Ecover 3 reaches Auckland

Blistering schedule for Mike Golding's shore team to get their new steed ready for shipping (now with photos...)

Tuesday July 31st 2007, Author: James Boyd, Location: Australasia
Mike Golding's new Owen Clarke designed Open 60 yacht Ecover 3 completed her first gruelling trip slightly ahead of schedule early this morning.

The 681km passage by road from Wellington to Auckland would usually take about nine hours by car at a safe driving speed, but on Sunday evening (local time) the exceptional cargo left Wellington's Hakes Marine - where the boat was freshly completed - and only arrived at the City of Sails' famous Viaduct Basin in the early hours of this (Tuesday) morning.

With three support vehicles clearing a safe passage in front of the boat as it made its way up the road, progress was slow, but the brand new Open 60 - which took the best part of six months to build - arrived safely at the former base of America's Cup winners Alinghi this morning. Here Ecover 3 will be united for the first time with her mast, built by Southern Spars, before the boat is launched for the first time later today or first thing tomorrow morning.

Delays to the demanding build schedule, caused mainly by some late detail changes, mean that the boat now has a very tight schedule this week before shipping to Europe on Sunday. And so a three week time slot, during which preliminary sea-trials should have taken place, has been cut short. The Ecover team now need to complete rigging the boat and a crucial 180 degree self-righting inversion test before Ecover 3 goes on the ship on Sunday.

The boat should undergo the statutory 180 degree inversion test Wednesday. It must be turned over by a crane with the crew inside. Then without any outside assistance they must right the boat using only the swinging keel system. "It a very scary test," warns Golding. "If things go wrong - it would not be just a little wrong!"

On  Wednesday afternoon the mast and rigging will be stepped for the first time. 
On Thursday if the weather is perfect, the Ecover team may attempt the second test stipulated by the race and class rules- a 90 degree test in which they measure the upward load on the masthead with the boat pulled over at 90 degrees.

On Friday the boat must be lifted out again, disassembled and packed up for shipping. On Saturday the container and boat and mast will be finally packed for movement to the dock in three loads first thing on Sunday,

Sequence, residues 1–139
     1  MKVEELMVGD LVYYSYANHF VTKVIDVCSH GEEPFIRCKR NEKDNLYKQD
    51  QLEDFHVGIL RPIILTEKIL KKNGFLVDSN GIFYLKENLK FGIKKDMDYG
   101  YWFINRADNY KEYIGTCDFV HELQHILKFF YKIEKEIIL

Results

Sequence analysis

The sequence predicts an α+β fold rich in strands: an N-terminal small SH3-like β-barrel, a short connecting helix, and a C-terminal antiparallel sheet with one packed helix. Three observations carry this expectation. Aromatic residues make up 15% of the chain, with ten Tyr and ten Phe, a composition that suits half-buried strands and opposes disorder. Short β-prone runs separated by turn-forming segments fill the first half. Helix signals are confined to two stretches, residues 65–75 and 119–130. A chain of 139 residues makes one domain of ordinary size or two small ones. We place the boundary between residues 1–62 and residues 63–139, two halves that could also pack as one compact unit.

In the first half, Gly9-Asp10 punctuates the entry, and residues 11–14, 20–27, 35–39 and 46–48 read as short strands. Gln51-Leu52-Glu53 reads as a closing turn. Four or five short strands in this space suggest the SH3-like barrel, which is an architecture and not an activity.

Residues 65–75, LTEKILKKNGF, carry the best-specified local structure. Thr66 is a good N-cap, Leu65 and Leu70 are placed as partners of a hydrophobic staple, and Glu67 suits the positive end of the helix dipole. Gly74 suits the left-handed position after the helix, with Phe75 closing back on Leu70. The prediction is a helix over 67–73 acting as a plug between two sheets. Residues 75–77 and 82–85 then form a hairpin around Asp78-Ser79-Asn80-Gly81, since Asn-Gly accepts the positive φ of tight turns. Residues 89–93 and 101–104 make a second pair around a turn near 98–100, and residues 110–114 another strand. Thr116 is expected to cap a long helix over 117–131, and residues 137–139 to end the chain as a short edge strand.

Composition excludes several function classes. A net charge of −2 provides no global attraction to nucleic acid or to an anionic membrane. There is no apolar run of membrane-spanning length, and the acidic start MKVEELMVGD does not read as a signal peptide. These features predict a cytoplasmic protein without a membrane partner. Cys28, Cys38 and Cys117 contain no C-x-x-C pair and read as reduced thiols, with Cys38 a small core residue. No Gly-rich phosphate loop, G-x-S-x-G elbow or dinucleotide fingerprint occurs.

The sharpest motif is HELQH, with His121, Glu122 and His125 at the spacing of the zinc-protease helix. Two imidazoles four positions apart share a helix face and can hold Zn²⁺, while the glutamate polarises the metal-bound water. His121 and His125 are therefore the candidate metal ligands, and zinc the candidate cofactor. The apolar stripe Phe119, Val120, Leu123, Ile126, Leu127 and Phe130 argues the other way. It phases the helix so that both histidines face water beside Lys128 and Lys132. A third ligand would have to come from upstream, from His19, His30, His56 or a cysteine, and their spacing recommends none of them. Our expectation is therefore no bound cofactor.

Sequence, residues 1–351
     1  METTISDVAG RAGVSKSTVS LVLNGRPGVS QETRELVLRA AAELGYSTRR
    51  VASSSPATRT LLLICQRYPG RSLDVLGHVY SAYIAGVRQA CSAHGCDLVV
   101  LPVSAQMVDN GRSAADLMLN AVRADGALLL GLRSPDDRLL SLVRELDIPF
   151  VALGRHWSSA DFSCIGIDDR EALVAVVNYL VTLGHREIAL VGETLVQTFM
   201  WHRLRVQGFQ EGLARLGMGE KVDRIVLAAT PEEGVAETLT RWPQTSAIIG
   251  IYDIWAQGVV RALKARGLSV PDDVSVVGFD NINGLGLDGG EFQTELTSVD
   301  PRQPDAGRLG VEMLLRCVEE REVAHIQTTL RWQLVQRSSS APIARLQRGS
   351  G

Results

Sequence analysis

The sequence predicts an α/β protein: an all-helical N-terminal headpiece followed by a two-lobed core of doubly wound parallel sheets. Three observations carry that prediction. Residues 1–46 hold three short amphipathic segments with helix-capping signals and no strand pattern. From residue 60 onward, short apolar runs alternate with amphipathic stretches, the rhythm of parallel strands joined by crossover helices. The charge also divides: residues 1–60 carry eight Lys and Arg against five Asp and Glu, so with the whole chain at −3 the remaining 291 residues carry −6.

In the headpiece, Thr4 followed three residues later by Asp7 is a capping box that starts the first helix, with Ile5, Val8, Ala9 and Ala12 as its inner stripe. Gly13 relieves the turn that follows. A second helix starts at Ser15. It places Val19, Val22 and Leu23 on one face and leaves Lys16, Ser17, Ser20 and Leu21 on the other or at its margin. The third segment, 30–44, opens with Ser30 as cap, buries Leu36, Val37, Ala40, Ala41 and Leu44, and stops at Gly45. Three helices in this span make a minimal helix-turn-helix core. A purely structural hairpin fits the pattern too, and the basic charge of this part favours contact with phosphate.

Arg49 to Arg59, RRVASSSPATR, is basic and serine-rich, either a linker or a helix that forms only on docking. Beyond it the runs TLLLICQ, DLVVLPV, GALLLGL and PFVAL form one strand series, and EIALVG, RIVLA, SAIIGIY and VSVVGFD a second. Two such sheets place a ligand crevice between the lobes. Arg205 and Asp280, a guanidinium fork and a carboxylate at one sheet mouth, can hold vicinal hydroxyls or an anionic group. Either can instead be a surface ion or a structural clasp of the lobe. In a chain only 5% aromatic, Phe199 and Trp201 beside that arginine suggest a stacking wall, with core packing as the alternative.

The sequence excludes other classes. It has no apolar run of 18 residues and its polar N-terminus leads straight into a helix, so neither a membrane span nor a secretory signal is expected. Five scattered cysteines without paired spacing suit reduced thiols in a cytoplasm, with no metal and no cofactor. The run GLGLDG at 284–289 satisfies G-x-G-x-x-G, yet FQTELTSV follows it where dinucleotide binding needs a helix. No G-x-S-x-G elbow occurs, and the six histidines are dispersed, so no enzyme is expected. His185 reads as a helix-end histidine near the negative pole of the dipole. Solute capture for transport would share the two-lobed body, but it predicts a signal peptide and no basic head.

"It is great to see the boat here," said Golding in Auckland. "I am hoping that working at the Alinghi base will be a good omen. But after all the work and stress over the last month it is great to see the boat in the flesh, it looks fantastic here, and you start to appreciate what we have. It looks like we have a great boat. In the greater scheme of things a month is nothing to worry about. My eyes are very much on the big prize and I'll just do the best that I can with the Transat Jacques Vabre. It will be very intensive next year."

Last week the new Open 60's construction was completed at Hakes Marine in Wellington. The yard was chosen by Golding, for its experience building the 2006 MedCup winning Transpac 52 Mean Machine, and previous the maxi Konica Minolta, and their work on several America's Cup yachts, all the culmination of owner Paul Hakes long years of race boat building, previously with Mick Cookson.

"The level of detail we had to take to the finishing of the boat, and that is not only the cosmetic level -  which is in itself is quite extraordinary for a race yacht - but also in terms of making sure everything is going to be 100% robust and making sure it is 100% reliable," commented Paul Hakes of Hakes Marine. "Which means no misalignment of any blocks, every hole has to be perfect so that we know it is not going to leak and we know that it is going to last forever. This a little bit different from your average race boat where the crew push you to keep things light, knowing they are going to replace things after a year.

"The other thing that has been quite different for me is that Mike has accumulated from his previous boats and his experience, a wish list. And that wish list is very long and they are all on this boat. All those years of experience have culminated in this boat."

The first competitive race for the new boat will be the Transat Jacques Vabre from Le Havre, France to Brazil in early November, but prior to that Golding must complete a 1000 miles qualifying passage.

The ultimate goal, for which the new boat was built, is the 24,000 miles solo round the world race, the Vendee Globe, which starts November 2008.

More photos on the following pages...

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